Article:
Photo: Eric McCandless/ABC

“Remember, I tried to stop you,” Samuel Voss tells Daisy and the rest of S.H.I.E.L.D., right after failing to kill her and thereby (hopefully) prevent the destruction of the earth. He’s already killed Deke’s father, and when it’s clear his fellow mutineers won’t defeat our team he kills Robin as well, all in a last-ditch effort to try and save humanity. In his mind, he’s a hero willing to make the hard call and sacrifice innocents to prevent a far greater loss of life. But if this show has a theme it’s returned to time and again, it’s that sacrifice can only come from within—it’s a choice people can make for themselves. The moment you try to decide on behalf of someone else’s life, you’re not the good guy. You’re the killer.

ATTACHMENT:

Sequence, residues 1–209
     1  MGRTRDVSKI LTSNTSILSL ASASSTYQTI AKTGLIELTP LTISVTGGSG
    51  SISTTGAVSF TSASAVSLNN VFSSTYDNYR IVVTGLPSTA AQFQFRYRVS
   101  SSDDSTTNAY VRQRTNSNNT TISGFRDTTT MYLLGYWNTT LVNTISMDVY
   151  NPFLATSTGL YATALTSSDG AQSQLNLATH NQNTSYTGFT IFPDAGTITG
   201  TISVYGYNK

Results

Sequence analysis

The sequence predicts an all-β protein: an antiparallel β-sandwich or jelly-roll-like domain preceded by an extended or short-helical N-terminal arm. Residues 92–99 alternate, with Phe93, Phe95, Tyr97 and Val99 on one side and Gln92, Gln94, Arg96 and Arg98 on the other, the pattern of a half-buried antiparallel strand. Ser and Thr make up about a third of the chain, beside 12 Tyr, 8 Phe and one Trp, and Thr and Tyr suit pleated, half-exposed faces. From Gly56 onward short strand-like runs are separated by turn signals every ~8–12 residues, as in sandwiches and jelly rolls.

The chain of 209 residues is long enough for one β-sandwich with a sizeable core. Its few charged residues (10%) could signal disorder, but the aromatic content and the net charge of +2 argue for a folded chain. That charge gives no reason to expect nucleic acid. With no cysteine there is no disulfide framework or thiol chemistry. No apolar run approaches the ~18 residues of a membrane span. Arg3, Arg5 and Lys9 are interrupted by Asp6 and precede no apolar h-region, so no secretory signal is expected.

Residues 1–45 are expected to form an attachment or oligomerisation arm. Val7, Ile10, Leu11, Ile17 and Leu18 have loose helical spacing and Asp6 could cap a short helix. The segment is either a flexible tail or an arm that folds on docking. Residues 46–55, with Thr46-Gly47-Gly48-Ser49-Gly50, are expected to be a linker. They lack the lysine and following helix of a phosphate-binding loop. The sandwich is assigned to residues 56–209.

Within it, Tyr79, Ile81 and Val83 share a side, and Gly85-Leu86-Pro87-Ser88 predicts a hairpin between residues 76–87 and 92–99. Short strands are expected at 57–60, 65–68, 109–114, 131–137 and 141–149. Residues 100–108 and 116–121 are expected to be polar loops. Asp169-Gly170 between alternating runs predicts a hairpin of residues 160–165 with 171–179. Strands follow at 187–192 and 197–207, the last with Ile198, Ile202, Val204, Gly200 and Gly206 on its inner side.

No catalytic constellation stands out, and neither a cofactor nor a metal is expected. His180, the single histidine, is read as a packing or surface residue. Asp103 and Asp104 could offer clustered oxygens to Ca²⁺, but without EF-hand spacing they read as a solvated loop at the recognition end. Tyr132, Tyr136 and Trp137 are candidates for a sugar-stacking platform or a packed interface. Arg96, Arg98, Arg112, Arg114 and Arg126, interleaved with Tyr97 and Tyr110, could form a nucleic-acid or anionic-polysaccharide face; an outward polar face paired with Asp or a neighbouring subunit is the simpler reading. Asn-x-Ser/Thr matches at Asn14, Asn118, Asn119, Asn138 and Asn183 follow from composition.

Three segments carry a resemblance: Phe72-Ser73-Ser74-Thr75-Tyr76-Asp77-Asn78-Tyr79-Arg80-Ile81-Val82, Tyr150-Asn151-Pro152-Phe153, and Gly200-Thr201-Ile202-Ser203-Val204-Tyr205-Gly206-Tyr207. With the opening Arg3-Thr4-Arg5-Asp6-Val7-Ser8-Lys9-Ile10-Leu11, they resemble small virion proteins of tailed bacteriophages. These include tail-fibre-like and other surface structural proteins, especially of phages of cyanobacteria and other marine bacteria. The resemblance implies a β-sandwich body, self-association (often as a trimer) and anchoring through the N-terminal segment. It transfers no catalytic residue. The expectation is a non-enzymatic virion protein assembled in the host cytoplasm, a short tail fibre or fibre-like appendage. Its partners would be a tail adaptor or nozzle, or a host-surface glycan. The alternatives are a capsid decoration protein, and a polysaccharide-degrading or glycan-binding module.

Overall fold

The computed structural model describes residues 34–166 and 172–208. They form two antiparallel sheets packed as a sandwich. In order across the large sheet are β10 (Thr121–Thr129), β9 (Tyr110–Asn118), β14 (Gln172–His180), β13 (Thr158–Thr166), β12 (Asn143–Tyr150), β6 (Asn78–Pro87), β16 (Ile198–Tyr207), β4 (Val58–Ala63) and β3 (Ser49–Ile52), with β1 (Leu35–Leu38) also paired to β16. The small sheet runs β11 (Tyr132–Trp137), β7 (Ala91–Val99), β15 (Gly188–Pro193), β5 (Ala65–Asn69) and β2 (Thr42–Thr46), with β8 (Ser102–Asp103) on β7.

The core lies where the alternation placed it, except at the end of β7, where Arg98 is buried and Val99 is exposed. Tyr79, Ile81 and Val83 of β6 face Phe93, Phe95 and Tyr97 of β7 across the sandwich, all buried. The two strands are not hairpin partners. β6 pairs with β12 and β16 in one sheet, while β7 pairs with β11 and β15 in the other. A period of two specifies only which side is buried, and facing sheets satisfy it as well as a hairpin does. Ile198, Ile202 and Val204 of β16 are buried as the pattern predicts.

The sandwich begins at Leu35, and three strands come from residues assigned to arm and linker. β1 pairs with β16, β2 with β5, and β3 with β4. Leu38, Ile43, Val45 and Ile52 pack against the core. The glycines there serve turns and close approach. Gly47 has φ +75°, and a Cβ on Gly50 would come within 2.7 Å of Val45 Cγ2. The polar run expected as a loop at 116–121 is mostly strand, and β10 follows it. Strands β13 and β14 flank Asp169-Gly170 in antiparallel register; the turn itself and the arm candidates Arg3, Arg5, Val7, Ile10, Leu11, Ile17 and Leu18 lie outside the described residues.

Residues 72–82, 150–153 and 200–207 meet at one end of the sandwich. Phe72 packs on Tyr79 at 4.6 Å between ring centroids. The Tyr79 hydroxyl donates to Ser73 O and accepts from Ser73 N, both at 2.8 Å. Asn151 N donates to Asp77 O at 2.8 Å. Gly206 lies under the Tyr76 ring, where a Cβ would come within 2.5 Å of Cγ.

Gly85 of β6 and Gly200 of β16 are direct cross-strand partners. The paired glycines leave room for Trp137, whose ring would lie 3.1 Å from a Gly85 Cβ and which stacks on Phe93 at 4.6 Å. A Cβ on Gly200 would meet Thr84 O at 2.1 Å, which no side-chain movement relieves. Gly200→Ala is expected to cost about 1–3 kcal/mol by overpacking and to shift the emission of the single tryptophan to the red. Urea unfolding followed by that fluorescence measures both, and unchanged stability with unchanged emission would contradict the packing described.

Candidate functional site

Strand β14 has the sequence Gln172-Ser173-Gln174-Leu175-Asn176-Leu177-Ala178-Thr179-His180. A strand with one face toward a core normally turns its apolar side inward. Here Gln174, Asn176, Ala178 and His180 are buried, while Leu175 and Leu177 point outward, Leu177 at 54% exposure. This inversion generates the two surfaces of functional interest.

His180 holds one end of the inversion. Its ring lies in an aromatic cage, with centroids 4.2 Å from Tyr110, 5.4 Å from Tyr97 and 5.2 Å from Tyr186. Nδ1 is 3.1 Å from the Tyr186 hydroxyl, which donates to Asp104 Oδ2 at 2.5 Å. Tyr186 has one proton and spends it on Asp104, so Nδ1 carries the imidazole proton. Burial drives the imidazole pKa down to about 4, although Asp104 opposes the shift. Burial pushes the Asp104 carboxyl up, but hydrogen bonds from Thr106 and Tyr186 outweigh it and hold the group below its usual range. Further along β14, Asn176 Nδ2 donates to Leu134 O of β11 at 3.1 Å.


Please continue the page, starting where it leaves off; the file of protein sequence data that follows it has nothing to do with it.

That moment of violence comes at the end of a frantic and overly busy episode, one that spends so much time toggling between the various stories playing out both in the past and the present that it doesn’t have enough time to invest real emotional heft into anything. “The Last Day” introduces a bunch of new elements to the story through the possibility of altering time—no matter how many times Fitz insists it can’t be done—and it comes across as an abrupt info dump. I’ve watched the episode a couple of times now, and it still doesn’t all hang together as smoothly as it should, despite the best efforts of credited writers Sharla and James C. Oliver. It’s compelling to see our heroes in the future-past of 2022, dejected and disillusioned even as May tries to keep hope (and Robin) alive long enough to fix the past, and thereby prevent the future scenario currently playing out over this entire season. There’s all sort of paradoxes inherent in trying to change a past that hasn’t happened yet while living in the current version of those events, but if the show isn’t going to open that can of time-traveling worms, there’s no real sense in doing it here.